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Thursday, 03 August 2023 15:46

Open Letter to the United Nations Secretary-General and President of the World Bank-Setting Serious Goals to Combat Inequality




RE: Setting serious goals to combat inequality

Dear Secretary-General of the United Nations Antonio Guterres and President of the World Bank Ajay Banga,

As a group of economists and leaders in the fight against extreme inequalities from around the world, we write to request your leadership towards ensuring that the United Nations Sustainable Development Goals and the World Bank back vital new strategic goals and indicators, that can redouble efforts to address rising extreme inequality.

We are living through a time of extraordinarily high economic inequality.  Extreme poverty and extreme wealth have risen sharply and simultaneously for the first time in 25 years.  Between 2019 and 2020, global inequality grew more rapidly than at any time since WW2. The richest 10% of the global population currently takes 52% of global income, whereas the poorest half of the population earns 8.5% of it. Billions of people face the terrible hardship of high and rising food prices and hunger, whilst the number of billionaires has doubled in the last decade.

We know that high inequality undermines all our social and environmental goals. The 2006 World Development Report, as well as multiple other studies, have shown that extreme inequality of the kind we are observing today has a destructive effect on society. It corrodes our politics, destroys trust, hamstrings our collective economic prosperity and weakens multilateralism. We also know that without a sharp reduction in inequality, the twin goals of ending poverty and preventing climate breakdown will be in clear conflict.

In 2015, all the governments of the world made history by setting themselves a Sustainable Development Goal to reduce inequalities – “SDG10”.  Yet since then, following the COVID-19 pandemic and now the global cost of living crisis inequalities have worsened, by many measures.  SDG10 remains largely ignored. Equally troubling, the main SDG10 target, based on the World Bank’s Shared Prosperity goal, does not adequately measure or monitor key aspects of inequality.  Evidence from household surveys shows that one in five countries showing a positive trend in Shared Prosperity simultaneously saw inequality by other measures, like the Palma Ratio, increase, including countries such as Mongolia, Chile and Vietnam.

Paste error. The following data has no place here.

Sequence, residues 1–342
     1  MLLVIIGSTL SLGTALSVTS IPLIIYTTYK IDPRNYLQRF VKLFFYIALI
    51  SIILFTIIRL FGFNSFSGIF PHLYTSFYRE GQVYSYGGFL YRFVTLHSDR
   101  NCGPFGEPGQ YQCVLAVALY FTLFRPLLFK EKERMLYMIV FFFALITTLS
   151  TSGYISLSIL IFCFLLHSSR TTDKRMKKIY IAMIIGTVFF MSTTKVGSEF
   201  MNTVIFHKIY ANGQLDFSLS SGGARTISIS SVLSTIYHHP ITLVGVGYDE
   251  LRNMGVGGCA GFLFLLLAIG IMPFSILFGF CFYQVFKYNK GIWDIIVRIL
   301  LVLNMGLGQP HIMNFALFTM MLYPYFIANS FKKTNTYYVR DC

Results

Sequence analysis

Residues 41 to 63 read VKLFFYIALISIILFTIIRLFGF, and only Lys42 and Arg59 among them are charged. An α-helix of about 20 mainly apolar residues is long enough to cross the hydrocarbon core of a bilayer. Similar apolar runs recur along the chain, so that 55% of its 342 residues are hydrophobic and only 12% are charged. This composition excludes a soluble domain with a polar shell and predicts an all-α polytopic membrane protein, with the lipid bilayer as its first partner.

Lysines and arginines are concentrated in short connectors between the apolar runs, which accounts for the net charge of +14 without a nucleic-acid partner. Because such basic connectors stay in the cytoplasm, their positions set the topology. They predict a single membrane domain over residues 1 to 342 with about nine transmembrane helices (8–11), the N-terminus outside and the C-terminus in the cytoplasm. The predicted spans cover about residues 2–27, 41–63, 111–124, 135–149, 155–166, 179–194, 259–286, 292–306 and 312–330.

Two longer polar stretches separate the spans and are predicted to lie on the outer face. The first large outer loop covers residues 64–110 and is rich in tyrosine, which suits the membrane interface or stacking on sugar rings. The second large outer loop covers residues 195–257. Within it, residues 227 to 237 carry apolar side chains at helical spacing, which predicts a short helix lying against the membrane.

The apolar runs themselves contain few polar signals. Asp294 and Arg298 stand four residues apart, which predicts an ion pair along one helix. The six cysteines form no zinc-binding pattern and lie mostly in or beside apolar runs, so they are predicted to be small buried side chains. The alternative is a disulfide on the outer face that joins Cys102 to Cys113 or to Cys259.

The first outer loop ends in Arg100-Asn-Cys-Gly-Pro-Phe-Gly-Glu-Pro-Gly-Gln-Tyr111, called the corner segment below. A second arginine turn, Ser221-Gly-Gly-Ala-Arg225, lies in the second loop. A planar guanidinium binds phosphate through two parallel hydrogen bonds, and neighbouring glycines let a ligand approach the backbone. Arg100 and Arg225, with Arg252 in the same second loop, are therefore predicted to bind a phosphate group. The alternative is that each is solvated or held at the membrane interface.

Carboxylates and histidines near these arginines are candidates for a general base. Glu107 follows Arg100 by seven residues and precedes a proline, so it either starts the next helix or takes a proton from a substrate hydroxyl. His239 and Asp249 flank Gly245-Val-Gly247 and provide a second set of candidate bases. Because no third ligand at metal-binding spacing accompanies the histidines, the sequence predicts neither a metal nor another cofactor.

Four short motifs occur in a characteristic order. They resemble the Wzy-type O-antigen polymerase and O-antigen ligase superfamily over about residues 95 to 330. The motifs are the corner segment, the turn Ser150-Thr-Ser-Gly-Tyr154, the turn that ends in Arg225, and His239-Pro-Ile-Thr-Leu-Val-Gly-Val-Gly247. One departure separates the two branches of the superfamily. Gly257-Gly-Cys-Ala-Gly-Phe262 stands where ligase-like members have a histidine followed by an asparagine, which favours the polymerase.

This summer we have a critical opportunity to strengthen our resolve to reduce this deep divide and send a clear signal to people around the world that the institutions designed to serve them are serious about ending this crisis of extreme inequality.

We must strengthen our existing goals. We must act this summer to secure agreement that the UN SDG 10 must also have strengthened targets and better metrics, looking at inequalities both between countries and within them by using indicators that track wealth as well as income inequality. We are pleased that the World Bank is reviewing its Shared Prosperity goal. The new leadership of the World Bank has a tremendous opportunity to strengthen this goal to assess inequalities across the entire spectrum of the income and wealth distribution.

There have been significant advances in inequality data, such as more accurate estimates of top incomes, helping to enable a new generation of policy making rooted in a clear distributional analysis of the impact of policy changes.  These need to be systematised and pushed further, to enable high-level inequality analysis by every government. This will be the only way to ensure broad political consensus for the transformation our economies must make to a zero-carbon future.

Goals matter. Leadership matters. The Bank and UN SDGs are uniquely placed to offer the rallying call for a reduction in inequality that our divided world needs so urgently today. We ask you to seize this opportunity to back stronger goals and better metrics for both wealth and income, as well as wage shares of national income. Also, SDG10 is not a separate, standalone goal: all economic, financial, and social policies should be assessed in terms of their likely impact on this goal. This would clearly signal our collective ambition to forge a more equal world.




Joseph Stiglitz (Coauthor and lead  signatory of the letter)
Jayati Ghosh (Coauthor and lead signatory of the letter)










See Full List of Signatories at link below:



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Last Updated on Thursday, 03 August 2023 16:28

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